How to Get a Green Bell Pepper to Turn Red
What Kinds of Bell Peppers Are Red?
Before you worry too much about how to get a green bell pepper to turn red, you need to know that the red color is simply a sign that the pepper has reached its full maturity. In fact, nearly all peppers will end up red if they are allowed to remain on the plant long enough. The trick to harvesting delicious, big red bell peppers is to pick the varieties that turn red the most reliably and then to wait until that happens.
Most red bell peppers will take 65-75 days to reach full maturity, given proper growing conditions. Be prepared to wait it out for the color to be achieved.
Green Bell Peppers vs. Red Bell Peppers
When we go to the grocery store, we can easily tell the difference between the green peppers and the red peppers. Sold in stores, the color is either fully green or red, and the bells are priced accordingly. It is typical for a red pepper to be quite a bit more expensive than a green one.
The reason that this is true is that a red pepper takes longer to grow. It is simply a mature green pepper, so producers can turn around green peppers in less time than red ones, and the price reflects that. But what is the big difference between green and red bell peppers?
For one thing, red peppers are sweeter than green peppers. As these fruits mature, the taste changes from slightly bitter in the green stage, to slightly sweet in the yellow or orange stage (if one exists), and finally reaching very sweet once red. Because of this, many people really enjoy the taste of the red fruit even though they don't care for the green ones.
Another major difference is that red peppers are healthier than green peppers, if you look at the nutritional content. As the fruit turns from green to red, vitamin C content doubles, vitamin A content is eight times higher, and beta carotene nearly triples! Red peppers are a very good source of lycopene and just full of healthy antioxidants. This doesn't mean that green peppers are not good for you - red peppers are just better.
What really entices many shoppers is that red peppers look better in healthy dishes and homemade recipes, since the bright red color is pretty and adds interest. This increases their demand.
Nutrition of Green vs. Red Pepper
Red vs. Green
8 times higher
2 times higher
3 times higher
Ripening Red Peppers Indoors
Most people have heard that a tomato will continue to ripen off the vine, but what about peppers? Will they also turn from green to red after they are picked? This is an important question for gardeners, especially when the season is coming to an end and there are still several peppers in the garden that have not turned color.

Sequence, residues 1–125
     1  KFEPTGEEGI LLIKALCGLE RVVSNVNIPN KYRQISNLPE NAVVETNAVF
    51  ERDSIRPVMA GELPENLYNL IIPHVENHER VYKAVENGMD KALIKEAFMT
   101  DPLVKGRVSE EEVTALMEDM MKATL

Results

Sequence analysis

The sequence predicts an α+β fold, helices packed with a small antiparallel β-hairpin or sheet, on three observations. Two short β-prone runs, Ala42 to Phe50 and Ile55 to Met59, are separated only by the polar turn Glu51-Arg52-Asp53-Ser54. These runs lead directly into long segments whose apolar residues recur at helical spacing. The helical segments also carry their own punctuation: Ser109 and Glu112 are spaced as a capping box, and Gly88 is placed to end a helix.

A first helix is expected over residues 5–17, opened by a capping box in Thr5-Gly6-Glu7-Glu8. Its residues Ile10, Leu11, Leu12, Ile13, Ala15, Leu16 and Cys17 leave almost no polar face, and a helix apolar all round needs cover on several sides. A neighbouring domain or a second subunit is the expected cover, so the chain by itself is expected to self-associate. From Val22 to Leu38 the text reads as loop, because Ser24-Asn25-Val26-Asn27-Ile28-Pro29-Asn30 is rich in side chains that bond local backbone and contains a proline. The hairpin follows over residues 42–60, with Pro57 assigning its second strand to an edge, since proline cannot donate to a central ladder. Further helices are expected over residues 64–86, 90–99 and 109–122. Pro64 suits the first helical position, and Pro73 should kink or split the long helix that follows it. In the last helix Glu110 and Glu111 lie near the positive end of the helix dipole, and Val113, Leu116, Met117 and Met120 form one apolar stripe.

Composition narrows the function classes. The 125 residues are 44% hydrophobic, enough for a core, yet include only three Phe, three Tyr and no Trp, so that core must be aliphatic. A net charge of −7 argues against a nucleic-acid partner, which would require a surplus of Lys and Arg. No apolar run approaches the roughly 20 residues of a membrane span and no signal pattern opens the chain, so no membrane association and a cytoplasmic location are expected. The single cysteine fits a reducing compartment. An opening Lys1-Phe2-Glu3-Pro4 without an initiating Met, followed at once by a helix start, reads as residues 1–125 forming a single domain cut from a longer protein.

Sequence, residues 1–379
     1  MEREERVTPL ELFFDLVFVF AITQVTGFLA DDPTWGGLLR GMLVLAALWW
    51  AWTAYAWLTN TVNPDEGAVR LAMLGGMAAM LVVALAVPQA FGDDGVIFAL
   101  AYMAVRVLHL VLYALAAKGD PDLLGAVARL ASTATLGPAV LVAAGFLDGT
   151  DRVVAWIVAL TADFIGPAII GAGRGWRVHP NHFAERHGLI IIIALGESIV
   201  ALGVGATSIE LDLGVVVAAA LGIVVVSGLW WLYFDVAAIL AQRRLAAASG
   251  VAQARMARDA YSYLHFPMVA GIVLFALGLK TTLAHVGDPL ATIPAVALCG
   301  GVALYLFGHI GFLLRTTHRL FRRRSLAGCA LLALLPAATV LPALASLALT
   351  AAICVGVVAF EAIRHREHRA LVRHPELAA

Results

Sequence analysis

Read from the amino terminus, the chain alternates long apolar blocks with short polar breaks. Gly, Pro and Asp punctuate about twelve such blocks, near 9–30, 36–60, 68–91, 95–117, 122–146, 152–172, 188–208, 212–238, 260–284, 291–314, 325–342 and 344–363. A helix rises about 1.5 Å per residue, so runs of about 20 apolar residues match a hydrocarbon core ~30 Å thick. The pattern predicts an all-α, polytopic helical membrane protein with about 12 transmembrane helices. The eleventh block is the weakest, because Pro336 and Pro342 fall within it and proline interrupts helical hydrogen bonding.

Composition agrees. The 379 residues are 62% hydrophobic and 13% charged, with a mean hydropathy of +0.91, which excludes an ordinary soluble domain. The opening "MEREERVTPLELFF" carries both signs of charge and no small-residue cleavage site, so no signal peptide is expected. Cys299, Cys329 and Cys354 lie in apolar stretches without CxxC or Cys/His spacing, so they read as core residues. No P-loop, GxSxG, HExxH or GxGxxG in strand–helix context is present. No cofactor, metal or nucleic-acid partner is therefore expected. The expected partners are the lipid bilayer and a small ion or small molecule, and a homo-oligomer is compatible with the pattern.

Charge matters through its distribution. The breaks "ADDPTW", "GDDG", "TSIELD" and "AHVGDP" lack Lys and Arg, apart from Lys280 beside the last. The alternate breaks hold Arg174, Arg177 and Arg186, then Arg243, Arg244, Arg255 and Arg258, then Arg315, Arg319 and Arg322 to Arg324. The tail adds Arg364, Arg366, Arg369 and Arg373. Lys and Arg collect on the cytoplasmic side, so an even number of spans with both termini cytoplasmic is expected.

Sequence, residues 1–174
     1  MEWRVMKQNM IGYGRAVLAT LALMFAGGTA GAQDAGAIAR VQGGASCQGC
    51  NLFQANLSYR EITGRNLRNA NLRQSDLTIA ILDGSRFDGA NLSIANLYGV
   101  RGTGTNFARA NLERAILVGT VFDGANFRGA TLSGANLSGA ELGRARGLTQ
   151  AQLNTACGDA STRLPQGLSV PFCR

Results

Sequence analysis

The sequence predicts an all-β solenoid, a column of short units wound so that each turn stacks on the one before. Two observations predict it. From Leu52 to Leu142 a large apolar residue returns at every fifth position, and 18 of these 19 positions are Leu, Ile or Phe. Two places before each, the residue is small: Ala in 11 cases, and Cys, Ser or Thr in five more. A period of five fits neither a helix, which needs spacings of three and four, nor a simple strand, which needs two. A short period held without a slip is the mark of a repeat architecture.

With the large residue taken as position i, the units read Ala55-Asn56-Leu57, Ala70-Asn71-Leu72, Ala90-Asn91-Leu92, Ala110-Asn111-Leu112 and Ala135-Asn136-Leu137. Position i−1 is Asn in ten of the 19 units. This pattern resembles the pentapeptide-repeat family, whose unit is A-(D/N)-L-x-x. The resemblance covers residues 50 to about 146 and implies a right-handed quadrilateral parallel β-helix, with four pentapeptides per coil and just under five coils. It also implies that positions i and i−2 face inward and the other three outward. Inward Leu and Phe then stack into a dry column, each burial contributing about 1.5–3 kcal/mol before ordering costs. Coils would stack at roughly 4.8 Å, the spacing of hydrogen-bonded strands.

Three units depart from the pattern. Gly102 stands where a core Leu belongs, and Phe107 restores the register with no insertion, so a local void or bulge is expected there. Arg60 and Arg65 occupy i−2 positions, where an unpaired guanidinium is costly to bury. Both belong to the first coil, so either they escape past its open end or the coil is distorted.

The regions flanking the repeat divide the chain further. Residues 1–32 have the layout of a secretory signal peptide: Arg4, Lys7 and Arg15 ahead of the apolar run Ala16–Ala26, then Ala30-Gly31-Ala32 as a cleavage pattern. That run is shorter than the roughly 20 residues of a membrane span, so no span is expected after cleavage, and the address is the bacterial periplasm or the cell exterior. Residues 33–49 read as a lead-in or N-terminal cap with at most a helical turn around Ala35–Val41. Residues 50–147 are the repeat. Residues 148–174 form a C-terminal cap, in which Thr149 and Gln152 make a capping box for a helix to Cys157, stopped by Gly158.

The answer is—maybe. It's true that a green pepper that is far enough along will continue to ripen indoors. To make this happen, keep the fruit on the counter or somewhere that is room temperature. Once it goes into the refrigerator, the ripening process will end. The best chance of success will come from those bells that were just starting to change or that were about to. Immature green bell peppers may not make it to red in this manner.
Just leave the pepper out until it reaches the desired color, or starts to look unhappy and like it wants to be refrigerated. You might very well get some more perfect red peppers this way, but peppers ripened off the plant will not be quite as sweet as those ripened outdoors in the sun, so there is a trade off.
Get More Red Bell Peppers Outdoors
One thing that works with all fruiting plants is to allow the plant to focus on doing fewer things at a time, so that it can achieve the final goal of setting big, ripe fruit. This is also true of peppers.
A bell pepper plant that is loaded with green peppers is using a lot more energy to grow all of them at the same time. This could result in far fewer pure red fruits on the plant. If this is the case in your garden, consider enjoying some of those peppers in the green stage, and snip them cleanly from the plant. This will allow the plant to use more energy on the remaining fruits, and they will turn color faster.
Another thing that some gardeners try is to remove a few leaves from a plant with lots of foliage to allow more sun to hit the plant. This may help, but the chance of a scalding sun or disease infecting the plant don't exactly seem worth it. Instead, make sure the plants are spaced properly in the first place so that light can get to them. Planting peppers too close together can negatively impact the harvest.
One thing that does help with peppers is to keep the area humid. Two great ways to do this are to mulch to retain moisture in the soil and to underplant the area with some low growing plant that will catch morning dew and raise humidity throughout the day. I personally grow wave petunias throughout my pepper bed, and the plants seem to really like it. The sun does not hit the soil, and the area does seem more tropical.
What's Your Favorite Bell Pepper Color?
Enjoy Red Bell Peppers This Year
Now you have a few tips to help you see some more red peppers this year. Remember, keep humidity up, don't let the plants be overcome with fruit, give them enough space, and wait for nature to do it's thing. If autumn is cutting the season short, go ahead and bring some green bells indoors to ripen in a warm place. By doing these things you can maximize the number of peppers that turn from green to red in your garden.
This content is accurate and true to the best of the author’s knowledge and is not meant to substitute for formal and individualized advice from a qualified professional.
Questions & Answers
What is a good pH level for bell peppers?
Bell peppers do best when the pH is in the sweet spot of 6.0 to 6.5.Helpful 4